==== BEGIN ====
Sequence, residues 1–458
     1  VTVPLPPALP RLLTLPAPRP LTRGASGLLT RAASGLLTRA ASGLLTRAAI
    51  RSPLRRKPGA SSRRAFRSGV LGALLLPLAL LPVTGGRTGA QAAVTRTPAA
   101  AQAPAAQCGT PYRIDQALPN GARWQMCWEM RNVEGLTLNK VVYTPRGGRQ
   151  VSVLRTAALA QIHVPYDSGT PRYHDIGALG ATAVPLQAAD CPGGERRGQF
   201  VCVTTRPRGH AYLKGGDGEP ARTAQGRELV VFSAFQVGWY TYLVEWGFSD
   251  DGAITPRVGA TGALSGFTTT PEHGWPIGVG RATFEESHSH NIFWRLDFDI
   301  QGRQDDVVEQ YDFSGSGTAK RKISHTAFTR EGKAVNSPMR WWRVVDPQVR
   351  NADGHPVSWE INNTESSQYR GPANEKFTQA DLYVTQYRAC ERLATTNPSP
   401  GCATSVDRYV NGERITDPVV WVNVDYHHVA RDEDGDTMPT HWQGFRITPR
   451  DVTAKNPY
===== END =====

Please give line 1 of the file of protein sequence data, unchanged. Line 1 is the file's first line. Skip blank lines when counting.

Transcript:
Sequence, residues 1–458